A championship matchup with incredible historical connections went historically poorly for the Irish.
“I was like eight plays into my call sheet and we were down 21-0,” said Chuck Martin, then Notre Dame’s offensive coordinator and now head coach at Miami (Ohio), in a recent phone interview. “We got taken out behind the woodshed.”
Added Cincinnati offensive coordinator Mike Denbrock, then Notre Dame’s wide receivers coach: “We played not nearly as well as we were capable of playing. On that night, we didn’t fire, and we needed to, obviously, on that big stage.”
None of Notre Dame’s current players competed against Alabama on that January night in South Florida. Only Kelly and two current assistants — defensive line coach Mike Elston and quarterbacks coach Tom Rees, then a reserve quarterback for the team — were part of that dark chapter in Fighting Irish history.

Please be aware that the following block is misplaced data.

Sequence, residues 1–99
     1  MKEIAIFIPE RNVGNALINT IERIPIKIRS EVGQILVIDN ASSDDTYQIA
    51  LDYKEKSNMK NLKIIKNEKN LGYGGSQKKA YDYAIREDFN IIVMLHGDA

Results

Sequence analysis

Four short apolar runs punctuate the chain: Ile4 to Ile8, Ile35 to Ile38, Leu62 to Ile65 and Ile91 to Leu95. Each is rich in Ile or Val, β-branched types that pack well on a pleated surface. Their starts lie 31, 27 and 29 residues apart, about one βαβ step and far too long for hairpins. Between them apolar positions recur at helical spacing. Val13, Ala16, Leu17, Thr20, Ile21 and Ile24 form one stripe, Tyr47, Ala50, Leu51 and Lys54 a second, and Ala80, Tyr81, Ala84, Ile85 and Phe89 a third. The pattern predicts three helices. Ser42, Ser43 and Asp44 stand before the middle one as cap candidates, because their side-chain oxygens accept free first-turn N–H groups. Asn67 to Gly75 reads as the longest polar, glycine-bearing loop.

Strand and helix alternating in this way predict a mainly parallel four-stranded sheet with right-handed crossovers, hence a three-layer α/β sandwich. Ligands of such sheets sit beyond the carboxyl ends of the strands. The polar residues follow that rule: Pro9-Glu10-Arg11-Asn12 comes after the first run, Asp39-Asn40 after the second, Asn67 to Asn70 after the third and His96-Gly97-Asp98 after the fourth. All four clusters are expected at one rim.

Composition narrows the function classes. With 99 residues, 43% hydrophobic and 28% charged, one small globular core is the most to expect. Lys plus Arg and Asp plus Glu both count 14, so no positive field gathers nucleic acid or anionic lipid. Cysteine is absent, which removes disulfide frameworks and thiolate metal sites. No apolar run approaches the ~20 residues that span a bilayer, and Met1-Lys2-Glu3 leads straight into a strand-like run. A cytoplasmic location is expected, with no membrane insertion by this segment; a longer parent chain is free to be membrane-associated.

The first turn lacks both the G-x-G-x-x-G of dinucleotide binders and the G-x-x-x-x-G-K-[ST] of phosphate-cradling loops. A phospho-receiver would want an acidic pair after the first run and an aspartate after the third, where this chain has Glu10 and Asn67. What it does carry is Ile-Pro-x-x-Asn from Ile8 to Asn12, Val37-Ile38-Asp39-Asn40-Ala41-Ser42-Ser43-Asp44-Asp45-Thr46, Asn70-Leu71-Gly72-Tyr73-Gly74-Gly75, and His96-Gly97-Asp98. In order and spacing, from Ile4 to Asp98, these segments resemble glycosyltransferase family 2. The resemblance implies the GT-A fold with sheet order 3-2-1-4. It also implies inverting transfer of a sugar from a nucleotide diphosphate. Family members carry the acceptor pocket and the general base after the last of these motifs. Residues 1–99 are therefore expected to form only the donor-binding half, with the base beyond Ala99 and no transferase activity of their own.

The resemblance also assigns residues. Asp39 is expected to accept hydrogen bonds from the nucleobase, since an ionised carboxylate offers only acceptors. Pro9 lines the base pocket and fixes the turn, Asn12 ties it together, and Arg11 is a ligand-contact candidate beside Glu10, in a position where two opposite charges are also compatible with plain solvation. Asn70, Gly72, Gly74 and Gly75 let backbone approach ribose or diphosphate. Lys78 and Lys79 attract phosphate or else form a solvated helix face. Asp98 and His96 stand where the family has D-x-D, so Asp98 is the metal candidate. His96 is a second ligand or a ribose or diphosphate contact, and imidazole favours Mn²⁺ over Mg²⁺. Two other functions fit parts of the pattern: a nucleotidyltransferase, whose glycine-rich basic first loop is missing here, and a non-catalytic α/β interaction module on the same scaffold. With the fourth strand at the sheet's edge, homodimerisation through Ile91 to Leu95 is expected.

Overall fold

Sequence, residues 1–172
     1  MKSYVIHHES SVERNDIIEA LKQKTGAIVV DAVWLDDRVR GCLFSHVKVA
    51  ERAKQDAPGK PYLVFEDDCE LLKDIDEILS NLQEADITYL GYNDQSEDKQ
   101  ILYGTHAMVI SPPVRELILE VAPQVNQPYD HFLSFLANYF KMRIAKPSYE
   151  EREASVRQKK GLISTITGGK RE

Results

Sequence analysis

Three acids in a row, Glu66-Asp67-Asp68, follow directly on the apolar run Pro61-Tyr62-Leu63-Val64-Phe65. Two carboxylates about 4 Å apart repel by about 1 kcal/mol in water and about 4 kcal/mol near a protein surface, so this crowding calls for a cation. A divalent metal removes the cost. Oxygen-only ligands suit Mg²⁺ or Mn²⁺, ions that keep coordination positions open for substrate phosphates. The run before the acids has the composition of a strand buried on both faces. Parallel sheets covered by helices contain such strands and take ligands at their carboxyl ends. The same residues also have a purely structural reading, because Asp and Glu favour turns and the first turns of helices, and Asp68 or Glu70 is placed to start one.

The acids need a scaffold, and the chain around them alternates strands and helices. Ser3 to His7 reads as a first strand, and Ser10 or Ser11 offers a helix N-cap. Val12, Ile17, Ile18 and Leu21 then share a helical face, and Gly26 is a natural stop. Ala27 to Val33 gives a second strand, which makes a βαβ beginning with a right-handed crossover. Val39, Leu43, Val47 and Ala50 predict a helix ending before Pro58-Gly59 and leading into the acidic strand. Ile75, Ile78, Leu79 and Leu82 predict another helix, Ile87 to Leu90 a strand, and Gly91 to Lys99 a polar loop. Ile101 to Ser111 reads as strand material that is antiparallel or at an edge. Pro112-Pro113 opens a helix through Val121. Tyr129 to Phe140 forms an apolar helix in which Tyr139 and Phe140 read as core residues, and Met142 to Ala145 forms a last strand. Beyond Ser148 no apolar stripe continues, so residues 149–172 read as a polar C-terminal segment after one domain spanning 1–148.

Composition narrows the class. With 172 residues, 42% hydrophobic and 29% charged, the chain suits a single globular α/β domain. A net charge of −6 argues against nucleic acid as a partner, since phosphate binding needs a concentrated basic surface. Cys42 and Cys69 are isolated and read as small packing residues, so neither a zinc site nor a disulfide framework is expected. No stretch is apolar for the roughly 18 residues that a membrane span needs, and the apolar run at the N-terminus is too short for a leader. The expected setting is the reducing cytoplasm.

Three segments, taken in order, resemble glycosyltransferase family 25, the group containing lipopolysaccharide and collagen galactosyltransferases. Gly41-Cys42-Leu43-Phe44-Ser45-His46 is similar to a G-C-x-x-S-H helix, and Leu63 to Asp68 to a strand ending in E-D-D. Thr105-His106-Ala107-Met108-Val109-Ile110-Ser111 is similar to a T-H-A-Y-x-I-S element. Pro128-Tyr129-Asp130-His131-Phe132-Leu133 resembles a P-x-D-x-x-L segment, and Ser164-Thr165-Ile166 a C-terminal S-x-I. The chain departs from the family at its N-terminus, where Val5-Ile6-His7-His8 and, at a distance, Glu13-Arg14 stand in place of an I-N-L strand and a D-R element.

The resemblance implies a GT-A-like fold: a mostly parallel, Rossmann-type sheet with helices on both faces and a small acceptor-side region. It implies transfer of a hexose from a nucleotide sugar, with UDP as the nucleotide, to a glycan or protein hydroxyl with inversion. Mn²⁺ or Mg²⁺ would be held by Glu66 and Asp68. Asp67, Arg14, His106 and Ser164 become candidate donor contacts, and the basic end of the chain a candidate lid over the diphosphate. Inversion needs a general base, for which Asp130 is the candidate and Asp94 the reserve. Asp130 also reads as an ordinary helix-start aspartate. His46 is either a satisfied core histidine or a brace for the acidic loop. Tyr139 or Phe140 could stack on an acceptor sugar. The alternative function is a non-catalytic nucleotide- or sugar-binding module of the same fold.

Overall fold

Yet the shadow of the loss lingers entering Saturday’s semifinal. Will the Irish flop again, or show that they belong? Like six years ago, Notre Dame is undefeated and facing a seemingly more talented, more dominant opponent as a double-digit underdog (Alabama entered the title game as a 10-point favorite; Clemson is currently a 12.5-point favorite). Like the 2012 team, which won six games by nine or fewer points, the 2018 Irish have had their share of tight contests, with six wins by 10 or fewer points. Both squads struggled with unranked Pitt before prevailing at home, although the 2012 team had to erase a 14-point, fourth-quarter deficit, one of several second-half rallies it mounted that fall.